Seniors Beware: Here Are the 6 Worst States for Retirees
Many retirees rely on income sources from retirement funds like 401(k)s or IRAs, or other private and public funds like pensions or Social Security benefits. But it’s important to know that some states tax these income sources more than others.
Ideally, your retirement should be as stress-free as possible. So when you choose where to spend those years, it’s a good idea to not only consider state tax laws, but also estate taxes and the area’s overall cost of living.
Read on to learn which states are the worst for seniors looking to make their retirement savings last as long as possible, as compiled by The Senior List.
- State income tax: 1.4% to 11%
- Median property tax: 0.31%
- Estate tax: 10% to 20%
While spending your retirement in a lounge chair on the beach with a tropical beverage in-hand may sound ideal, it can also be pretty costly.
Hawaii has a graduated income tax system — meaning the more you make, the more taxes you pay, up to 11%. Income from Social Security and public pension are tax exempt in the state, so that’s a positive. However, private pensions and retirement funds like 401(k)s and IRAs are fully taxed.
Living in Hawaii is expensive — with housing costs 222% higher than the rest of the country.
- State income tax: 3% to 6.99%
- Median property tax: 1.76%
- Estate tax: 12%
While it has a lot of scenic sites to offer, Connecticut is also particularly aggressive when it comes to taxes for retirees.
Social Security income is taxed at 25%, the estate tax is 12%, and property tax is 1.76% — the third-highest in the country. On the plus side, the state recently made pension income tax-exempt for seniors with less than $75,000 of annual income ($100,000 for joint filers). The same applies to IRA accounts up to 25%.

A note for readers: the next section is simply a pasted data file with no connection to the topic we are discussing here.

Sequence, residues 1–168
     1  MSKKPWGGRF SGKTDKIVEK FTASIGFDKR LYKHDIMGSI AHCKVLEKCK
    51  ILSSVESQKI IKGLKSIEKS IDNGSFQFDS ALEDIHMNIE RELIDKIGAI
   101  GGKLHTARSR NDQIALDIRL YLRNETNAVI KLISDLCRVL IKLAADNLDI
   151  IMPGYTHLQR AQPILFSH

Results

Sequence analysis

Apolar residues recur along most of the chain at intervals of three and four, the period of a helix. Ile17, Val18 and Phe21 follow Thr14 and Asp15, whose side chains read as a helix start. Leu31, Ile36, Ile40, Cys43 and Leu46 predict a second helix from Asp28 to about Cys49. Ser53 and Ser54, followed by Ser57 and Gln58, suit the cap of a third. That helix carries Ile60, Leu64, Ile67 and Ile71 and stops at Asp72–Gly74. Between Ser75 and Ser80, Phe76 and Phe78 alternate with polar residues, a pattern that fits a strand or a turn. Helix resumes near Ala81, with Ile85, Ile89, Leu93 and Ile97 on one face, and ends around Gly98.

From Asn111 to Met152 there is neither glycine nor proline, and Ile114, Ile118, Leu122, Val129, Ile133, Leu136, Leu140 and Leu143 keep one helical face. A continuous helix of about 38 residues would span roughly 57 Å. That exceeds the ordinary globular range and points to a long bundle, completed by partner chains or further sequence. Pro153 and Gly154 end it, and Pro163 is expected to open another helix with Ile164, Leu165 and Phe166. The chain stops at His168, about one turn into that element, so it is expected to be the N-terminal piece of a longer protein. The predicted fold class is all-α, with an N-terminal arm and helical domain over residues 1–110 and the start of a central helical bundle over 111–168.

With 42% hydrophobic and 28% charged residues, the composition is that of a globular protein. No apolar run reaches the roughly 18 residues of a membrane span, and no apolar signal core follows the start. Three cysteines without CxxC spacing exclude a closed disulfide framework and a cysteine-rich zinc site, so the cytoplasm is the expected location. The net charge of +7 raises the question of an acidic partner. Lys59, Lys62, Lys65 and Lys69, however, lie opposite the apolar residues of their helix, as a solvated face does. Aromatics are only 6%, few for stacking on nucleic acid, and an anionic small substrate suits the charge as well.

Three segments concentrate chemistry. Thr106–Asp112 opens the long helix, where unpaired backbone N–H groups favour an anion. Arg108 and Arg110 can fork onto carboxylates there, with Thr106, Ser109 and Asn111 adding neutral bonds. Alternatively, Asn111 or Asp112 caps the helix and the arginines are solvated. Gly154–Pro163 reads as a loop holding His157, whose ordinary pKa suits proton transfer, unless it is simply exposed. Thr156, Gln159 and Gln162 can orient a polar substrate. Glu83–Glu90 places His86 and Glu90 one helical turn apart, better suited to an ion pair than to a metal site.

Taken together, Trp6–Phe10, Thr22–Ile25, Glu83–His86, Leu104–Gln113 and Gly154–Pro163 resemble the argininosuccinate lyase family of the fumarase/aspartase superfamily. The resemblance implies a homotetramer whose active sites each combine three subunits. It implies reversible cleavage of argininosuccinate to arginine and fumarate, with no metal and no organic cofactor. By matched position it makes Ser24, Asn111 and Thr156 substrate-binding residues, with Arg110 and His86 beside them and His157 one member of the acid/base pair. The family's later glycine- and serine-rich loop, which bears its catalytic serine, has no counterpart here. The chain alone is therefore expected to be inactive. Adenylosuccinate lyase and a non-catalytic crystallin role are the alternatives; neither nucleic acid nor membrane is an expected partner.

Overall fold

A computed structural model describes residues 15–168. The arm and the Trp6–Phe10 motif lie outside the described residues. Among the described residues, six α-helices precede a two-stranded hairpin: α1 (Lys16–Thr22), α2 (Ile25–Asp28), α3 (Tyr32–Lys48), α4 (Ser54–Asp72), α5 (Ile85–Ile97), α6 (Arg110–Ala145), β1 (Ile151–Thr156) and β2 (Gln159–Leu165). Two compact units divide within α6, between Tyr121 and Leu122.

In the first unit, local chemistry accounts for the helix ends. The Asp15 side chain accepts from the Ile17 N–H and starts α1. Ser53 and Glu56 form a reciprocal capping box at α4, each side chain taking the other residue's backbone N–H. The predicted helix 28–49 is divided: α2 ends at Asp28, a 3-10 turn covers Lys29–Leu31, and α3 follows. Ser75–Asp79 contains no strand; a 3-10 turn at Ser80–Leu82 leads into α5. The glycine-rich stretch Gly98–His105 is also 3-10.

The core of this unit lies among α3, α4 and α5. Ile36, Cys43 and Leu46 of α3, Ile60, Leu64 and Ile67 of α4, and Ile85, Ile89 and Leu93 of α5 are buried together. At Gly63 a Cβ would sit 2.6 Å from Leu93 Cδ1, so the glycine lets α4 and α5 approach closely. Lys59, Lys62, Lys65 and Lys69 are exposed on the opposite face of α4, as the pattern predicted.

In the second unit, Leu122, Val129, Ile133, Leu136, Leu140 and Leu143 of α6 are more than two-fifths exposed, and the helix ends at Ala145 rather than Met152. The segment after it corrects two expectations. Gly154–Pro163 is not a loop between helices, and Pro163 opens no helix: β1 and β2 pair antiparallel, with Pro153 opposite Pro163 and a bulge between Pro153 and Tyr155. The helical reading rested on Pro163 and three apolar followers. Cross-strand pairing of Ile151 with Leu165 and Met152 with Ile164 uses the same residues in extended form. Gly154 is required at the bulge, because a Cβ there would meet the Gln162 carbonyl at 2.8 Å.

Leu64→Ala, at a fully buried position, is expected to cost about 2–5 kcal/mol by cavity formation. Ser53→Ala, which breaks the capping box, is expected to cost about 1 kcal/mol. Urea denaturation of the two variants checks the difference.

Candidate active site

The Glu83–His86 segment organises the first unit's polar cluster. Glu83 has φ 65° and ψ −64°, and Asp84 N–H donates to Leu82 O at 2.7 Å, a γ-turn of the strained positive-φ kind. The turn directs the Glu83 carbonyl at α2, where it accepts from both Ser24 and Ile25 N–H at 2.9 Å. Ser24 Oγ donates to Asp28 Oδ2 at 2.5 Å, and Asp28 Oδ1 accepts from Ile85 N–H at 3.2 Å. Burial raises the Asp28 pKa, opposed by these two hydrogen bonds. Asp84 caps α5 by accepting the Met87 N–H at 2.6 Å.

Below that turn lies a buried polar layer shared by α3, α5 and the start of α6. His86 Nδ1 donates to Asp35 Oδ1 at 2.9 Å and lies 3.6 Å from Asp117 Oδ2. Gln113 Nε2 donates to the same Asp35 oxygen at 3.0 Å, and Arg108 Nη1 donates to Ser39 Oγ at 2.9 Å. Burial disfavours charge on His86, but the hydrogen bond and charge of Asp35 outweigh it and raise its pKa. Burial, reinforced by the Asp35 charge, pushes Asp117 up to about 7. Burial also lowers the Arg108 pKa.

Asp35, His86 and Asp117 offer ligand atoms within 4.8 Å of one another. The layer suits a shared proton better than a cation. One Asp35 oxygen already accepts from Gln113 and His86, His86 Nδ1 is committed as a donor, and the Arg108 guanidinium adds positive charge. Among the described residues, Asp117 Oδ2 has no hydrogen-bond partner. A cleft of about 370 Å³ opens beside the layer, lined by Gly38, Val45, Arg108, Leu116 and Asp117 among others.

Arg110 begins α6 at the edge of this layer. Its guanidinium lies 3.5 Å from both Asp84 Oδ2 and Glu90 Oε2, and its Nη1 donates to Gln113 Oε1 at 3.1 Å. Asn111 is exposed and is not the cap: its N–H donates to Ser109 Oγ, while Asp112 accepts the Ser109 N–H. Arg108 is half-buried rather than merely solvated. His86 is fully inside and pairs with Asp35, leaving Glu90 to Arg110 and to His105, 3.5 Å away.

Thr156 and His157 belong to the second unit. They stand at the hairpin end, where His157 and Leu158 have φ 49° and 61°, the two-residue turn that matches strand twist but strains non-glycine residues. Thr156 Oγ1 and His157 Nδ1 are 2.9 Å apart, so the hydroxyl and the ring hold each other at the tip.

While Connecticut’s bolstered its tax exemptions for retirees within the last few years, it also has a relatively high cost of living — 22% higher than the national average.
- State income tax: 2% to 5.75%
- Median property tax: 1.04%
- Estate tax: 0.9% to 10%
History buffs and crab cake-lovers alike would find a lot of reasons to enjoy spending their retirement years in Maryland. While it is largely considered to be a tax-friendly state for retirees, given that Social Security and 401(k)s are exempt, people with other retirement income may find it a tad pricy.
Those with IRA income over $34,300, a public pension, or other retirement accounts will pay a lot higher of a price. Additionally, Maryland has an estate tax of up to 10%.
- State income tax: 4% to 10.9%
- Median property tax: 1.38%
- Estate tax: 3.06% to 16%
This entry may not be a surprise to you, but it makes the list nonetheless. Income from private retirement funds (including IRAs, pensions, or 401(k)s) of $20,000 or more could be taxed up to 10.9%.
New York’s cost of living is exceptionally high. The state’s property taxes are the sixth-highest in the country, and its combined local and state sales tax is 8.52% — the 10th highest in the U.S.
While Social Security benefits, federal pensions, and military retirement plans are exempt from taxes, the state’s housing costs are 258% higher than the national average.
- State income tax: 3.1% to 5.7%
- Median property tax: 1.32%
- Estate tax: N/A
Under Kansas tax laws, in-state public pensions, federal pensions, and military pensions are all tax-exempt.
But private retirement funds, including 401(k)s, IRAs, and out-of-state public pensions, are fully taxed. Additionally, Kansas has the ninth-highest local sales tax in the U.S., as well as the 13th-highest property tax rate.
- State income tax: 1.4% to 10.75%
- Median property tax: 2.21%
- Estate tax: 11% to 16%
Between Ellis Island and Atlantic City, New Jersey has a lot to offer. While most retirement income is taxed, the state allows deductions for most income sources, including retirement accounts, private pensions, and IRAs.
However, New Jersey has a significant estate tax and the highest property tax in the nation — 2.21%.